20 correct, that if you drop materially below that you
21 would likely not be able to raise a sufficient amount
22 of exit financing to pay off the DIP and exit from
23 the bankruptcy.
24 They have acted in accordance with my
25 presumption and my understanding in that way. When
0127
1 we began to renegotiate the covenant in the latter
2 part of this chart we've talked about with the
3 right-hand side, they actually proposed EBITDAR
4 covenants not only with very, very tight headroom
5 that is right on top of the Gershwin 5 projection,
6 but they proposed that the covenant should have
7 levels in excess of the EBITDAR that is projected by
8 the plan. In essence, the covenant should demand
9 that the company out-produce its own business plan
10 because they were becoming insecure about the
11 companies' ability to achieve sufficient EBITDAR to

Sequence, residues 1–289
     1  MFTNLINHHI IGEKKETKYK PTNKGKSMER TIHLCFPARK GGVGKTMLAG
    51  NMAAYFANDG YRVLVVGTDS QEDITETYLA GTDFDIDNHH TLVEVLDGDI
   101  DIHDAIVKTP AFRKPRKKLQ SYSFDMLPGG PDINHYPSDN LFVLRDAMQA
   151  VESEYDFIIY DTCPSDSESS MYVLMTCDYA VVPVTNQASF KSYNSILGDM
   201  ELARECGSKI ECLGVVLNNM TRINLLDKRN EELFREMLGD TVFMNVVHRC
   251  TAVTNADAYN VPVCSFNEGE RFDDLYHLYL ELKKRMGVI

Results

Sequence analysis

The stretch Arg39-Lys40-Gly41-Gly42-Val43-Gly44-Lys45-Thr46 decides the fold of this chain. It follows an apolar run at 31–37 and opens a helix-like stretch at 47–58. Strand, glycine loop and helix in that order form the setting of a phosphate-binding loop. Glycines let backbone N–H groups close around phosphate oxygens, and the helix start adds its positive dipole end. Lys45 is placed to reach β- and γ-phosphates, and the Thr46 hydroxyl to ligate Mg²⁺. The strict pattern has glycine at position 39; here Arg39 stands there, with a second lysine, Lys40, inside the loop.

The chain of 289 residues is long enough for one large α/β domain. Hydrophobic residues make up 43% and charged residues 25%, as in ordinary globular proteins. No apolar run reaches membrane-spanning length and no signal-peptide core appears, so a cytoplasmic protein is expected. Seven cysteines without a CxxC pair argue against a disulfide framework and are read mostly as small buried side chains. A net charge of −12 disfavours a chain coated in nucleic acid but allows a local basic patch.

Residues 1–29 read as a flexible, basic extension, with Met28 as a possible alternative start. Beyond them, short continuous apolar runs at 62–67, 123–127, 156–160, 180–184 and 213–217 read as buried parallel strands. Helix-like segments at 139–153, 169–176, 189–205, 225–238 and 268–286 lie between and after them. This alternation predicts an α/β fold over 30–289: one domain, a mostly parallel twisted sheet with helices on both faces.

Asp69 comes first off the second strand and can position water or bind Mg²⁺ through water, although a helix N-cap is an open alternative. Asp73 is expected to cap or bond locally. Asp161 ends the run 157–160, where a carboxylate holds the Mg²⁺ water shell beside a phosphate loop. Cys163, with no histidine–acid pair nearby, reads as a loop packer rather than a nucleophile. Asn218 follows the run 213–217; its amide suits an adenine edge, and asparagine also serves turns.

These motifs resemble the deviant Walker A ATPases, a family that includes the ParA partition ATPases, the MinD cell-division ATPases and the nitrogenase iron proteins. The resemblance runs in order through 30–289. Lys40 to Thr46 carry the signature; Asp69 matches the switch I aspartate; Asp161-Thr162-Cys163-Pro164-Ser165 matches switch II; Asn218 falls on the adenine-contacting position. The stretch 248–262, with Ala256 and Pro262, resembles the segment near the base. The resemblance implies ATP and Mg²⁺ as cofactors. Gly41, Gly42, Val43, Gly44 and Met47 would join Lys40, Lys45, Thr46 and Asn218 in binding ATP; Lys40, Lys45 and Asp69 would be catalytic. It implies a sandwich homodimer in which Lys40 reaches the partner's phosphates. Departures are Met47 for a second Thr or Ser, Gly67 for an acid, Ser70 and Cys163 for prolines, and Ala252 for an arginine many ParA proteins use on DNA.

12 exit finance themselves.
13 So I think that that discussion --
14 which by the way, you know, we negotiated over and we
15 got them back into a line where we felt we could
16 actually pin the covenant to Gershwin; but,
17 nonetheless, I think that conversation is indicative
18 of their concern and why it is I say that we run a
19 very severe risk of not being able to go back and
20 actually achieve an additional waiver
 
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Big Beer Belly

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jehtplane said:
So what is it, a 1.4 billion dollar loss or a 48million dollar profit?
<<The No. 2 U.S. carrier, which has been in Chapter 11 since December 2002, said its net loss increased to $1.43 billion, or $12.33 per basic share, from $247 million, or $2.25 per share, a year earlier.

Excluding the special and reorganization items, UAL's net loss for the second quarter totaled $26 million. >>
 

skykid

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Looks like about 3 pages of a lawyer's testimony, thanks. There is a lot they have renegotiated, included recently lower interest rates on DIP financing.

The cash balance at the end of the quarter totaled $2.6 billion, with unrestricted cash rising $295 million to $1.7 billion.